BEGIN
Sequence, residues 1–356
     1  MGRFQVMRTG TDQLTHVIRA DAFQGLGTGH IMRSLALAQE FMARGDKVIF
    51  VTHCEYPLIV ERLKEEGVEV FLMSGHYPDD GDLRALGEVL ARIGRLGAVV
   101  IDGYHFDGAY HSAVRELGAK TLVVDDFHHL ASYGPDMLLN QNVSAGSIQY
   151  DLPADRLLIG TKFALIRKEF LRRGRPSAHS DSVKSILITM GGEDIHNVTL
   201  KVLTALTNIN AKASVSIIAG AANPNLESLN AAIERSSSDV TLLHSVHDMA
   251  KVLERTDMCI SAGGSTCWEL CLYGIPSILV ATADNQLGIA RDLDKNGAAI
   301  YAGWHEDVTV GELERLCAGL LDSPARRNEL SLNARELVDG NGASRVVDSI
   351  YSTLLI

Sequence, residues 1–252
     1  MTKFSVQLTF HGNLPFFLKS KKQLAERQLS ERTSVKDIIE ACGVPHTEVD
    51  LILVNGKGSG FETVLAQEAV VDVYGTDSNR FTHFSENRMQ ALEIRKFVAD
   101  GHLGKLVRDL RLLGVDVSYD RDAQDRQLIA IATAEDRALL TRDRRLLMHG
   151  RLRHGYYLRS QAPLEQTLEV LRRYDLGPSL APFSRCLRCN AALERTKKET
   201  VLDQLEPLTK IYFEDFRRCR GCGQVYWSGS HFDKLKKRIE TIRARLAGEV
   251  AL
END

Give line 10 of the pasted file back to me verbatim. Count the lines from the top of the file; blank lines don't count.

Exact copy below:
Sequence, residues 1–252